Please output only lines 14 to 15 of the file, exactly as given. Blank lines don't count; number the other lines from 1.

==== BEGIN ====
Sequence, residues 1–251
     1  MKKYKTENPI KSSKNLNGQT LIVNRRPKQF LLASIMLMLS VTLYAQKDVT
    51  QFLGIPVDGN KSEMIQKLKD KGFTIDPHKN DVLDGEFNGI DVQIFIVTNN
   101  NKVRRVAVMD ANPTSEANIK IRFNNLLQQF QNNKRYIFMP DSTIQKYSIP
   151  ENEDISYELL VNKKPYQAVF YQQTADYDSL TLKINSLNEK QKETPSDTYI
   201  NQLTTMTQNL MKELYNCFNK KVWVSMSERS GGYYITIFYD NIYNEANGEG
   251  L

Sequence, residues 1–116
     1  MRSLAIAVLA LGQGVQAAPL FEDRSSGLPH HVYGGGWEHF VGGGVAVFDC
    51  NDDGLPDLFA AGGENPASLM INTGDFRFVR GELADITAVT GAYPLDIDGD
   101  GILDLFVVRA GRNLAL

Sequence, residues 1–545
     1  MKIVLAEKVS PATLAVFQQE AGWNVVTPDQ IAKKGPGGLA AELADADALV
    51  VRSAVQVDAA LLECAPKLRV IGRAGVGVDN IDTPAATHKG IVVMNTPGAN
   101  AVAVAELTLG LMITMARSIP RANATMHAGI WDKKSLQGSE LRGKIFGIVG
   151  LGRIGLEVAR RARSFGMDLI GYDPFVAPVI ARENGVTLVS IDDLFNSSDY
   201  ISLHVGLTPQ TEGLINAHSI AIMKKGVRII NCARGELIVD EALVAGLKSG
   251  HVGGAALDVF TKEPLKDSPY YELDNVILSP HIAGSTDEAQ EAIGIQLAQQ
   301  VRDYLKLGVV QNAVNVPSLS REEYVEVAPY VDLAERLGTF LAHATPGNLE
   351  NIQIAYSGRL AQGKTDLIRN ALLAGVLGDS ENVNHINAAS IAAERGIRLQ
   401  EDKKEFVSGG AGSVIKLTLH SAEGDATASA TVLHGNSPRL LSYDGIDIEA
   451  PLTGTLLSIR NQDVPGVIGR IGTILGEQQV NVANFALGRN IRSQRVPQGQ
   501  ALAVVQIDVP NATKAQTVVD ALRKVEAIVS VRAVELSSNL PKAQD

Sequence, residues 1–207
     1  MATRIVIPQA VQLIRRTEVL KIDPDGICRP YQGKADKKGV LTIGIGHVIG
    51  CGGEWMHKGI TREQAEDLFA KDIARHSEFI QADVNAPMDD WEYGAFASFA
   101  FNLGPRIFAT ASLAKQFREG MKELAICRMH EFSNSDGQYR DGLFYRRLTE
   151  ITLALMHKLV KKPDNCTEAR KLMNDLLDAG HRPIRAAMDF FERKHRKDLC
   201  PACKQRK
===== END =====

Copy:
    51  VRSAVQVDAA LLECAPKLRV IGRAGVGVDN IDTPAATHKG IVVMNTPGAN
   101  AVAVAELTLG LMITMARSIP RANATMHAGI WDKKSLQGSE LRGKIFGIVG